Senior Theses
https://dspace.carthage.edu/handle/20.500.13007/10652
Sat, 22 Jan 2022 08:23:15 GMT2022-01-22T08:23:15ZInfinite Snowman
https://dspace.carthage.edu/handle/20.500.13007/9552
Infinite Snowman
Montoya, Gladys
In this research paper we explore how to create an infinite snowman within an isosceles triangle to find the sum of its total area. Our main objective was to find the sum of the areas of the circles inscribed within the isosceles triangle.
Fri, 17 May 2019 00:00:00 GMThttps://dspace.carthage.edu/handle/20.500.13007/95522019-05-17T00:00:00ZMinimizing Transpositions in Permutations with Indistinct Variables
https://dspace.carthage.edu/handle/20.500.13007/9551
Minimizing Transpositions in Permutations with Indistinct Variables
Hussey, Mary
In any permutation within a symmetric group, the minimum number of transpositions required to return the permutation to the identity can be algorithmically determined. In fact, this algorithm determines this required number of transpositions based on the degree of the group and the cycle structure of the given permutation. This consistent property changes as the set acted upon by Sn becomes a multiset. In this paper, we explore how introducing these duplicates of some of the variables may reduce the required number of transpositions and determine the altered algorithm for this change in required number of transpositions. We find that this reduction is reliant on the number of indistinct variables for each unique variable, as well as the distribution of variables in the permutation and the cycles within the permutation. Since there are more intricacies to this algorithm than the base case of strictly unique variables, for any given cycle structure there are multiple possibilities of the required number of transpositions to return all variables to their original position.
Fri, 17 May 2019 00:00:00 GMThttps://dspace.carthage.edu/handle/20.500.13007/95512019-05-17T00:00:00ZMathematically Modeling the Josephson Junction
https://dspace.carthage.edu/handle/20.500.13007/9550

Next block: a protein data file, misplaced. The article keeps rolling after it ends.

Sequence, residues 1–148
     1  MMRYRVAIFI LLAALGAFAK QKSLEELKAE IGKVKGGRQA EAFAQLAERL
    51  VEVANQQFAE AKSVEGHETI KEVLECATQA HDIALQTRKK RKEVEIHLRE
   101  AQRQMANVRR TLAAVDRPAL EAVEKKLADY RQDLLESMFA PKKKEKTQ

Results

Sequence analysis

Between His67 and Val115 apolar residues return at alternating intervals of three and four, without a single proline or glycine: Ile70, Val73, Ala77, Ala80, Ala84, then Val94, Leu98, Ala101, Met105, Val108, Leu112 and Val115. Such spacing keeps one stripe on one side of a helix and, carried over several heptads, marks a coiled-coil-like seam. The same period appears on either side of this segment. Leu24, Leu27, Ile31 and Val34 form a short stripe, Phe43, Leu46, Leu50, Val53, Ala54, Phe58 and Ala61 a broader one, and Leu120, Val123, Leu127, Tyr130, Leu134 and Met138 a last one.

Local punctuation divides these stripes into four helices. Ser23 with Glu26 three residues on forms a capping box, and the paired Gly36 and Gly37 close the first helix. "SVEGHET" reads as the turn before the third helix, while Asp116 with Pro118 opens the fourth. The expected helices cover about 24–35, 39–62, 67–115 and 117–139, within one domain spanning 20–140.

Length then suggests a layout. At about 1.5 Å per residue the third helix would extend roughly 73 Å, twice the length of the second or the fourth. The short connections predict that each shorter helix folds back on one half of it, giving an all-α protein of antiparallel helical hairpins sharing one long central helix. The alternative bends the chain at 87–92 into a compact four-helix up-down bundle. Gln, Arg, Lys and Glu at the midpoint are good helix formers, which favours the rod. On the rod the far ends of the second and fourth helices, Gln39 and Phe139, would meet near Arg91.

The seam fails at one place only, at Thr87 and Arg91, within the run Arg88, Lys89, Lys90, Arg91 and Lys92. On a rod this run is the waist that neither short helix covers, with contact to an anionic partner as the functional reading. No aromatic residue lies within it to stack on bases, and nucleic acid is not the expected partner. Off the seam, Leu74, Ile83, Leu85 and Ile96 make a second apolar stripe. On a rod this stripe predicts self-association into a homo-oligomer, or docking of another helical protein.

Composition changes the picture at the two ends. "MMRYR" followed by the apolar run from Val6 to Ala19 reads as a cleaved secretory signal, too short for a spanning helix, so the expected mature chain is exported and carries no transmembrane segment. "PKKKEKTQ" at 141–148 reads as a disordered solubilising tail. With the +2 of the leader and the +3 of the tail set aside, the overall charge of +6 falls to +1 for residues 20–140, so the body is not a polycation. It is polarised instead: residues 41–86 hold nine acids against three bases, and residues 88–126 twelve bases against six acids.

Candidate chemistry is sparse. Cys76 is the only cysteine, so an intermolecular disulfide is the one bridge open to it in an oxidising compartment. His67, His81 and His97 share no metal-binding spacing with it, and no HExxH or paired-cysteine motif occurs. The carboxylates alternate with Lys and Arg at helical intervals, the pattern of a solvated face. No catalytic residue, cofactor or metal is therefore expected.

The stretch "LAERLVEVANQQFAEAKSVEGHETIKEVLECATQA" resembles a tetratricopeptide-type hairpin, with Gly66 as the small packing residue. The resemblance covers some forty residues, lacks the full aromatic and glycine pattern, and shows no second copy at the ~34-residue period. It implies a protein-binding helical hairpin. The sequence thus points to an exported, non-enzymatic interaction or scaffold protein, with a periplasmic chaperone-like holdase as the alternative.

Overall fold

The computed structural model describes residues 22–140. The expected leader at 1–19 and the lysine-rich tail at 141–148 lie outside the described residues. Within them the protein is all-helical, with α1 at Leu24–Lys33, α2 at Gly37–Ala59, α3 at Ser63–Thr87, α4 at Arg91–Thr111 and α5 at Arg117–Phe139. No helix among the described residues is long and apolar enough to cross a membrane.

Mathematically Modeling the Josephson Junction
Fiege, Nathan
Josephson junctions are widely used in applications where a very precise voltage source is required, one example being metrology, where they are used to help define the values of several fundamental constants of nature. Modeling the Josephson junction furthers our understanding of the behavior of the junction which has had profound impacts in the metrological world. This junction and its voltage can be described by a nonlinear differential equation similar to that of the simple pendulum. Differential
equations of this type are difficult to understand and very difficult if not impossible to solve explicitly. After deriving this nonlinear differential equation using quantum mechanical arguments, the solutions are found independently using both analytical and numerical approaches. The qualitative behavior of solutions change at a critical current, resulting in either no voltage across the junction or voltage asymptotically approaching the classical Ohm's law. Further modeling of this system could include
modeling specific behaviors including the AC and DC Josephson effects.
Fri, 17 May 2019 00:00:00 GMThttps://dspace.carthage.edu/handle/20.500.13007/95502019-05-17T00:00:00ZReaction-Diffusion Equations and Biochemical Pattern Formation
https://dspace.carthage.edu/handle/20.500.13007/9549
Reaction-Diffusion Equations and Biochemical Pattern Formation
Bresnahan, Brady
Many biochemical reactions can be modeled using reaction-diffusion equations, some of which form patterns. Reaction-diffusion equations are partial differential equations that describe how the concentrations of two species change over time when subjected to diffusion and chemical reaction. Diffusion is represented in all cases by a first derivative with respect to time and a second derivative with respect to space. Chemical interactions are represented differently depending on the model, though they are typically described by nonlinear combinations of the dependent variables or concentrations. The two models explored here are the activator-substrate and the activator-inhibitor reaction-diffusion equations. We perform a stability analysis of each system and investigate solutions numerically under sinusoidal and random conditions with various parameters. The most interesting results come from the activator-inhibitor model under random conditions.
Fri, 17 May 2019 00:00:00 GMThttps://dspace.carthage.edu/handle/20.500.13007/95492019-05-17T00:00:00Z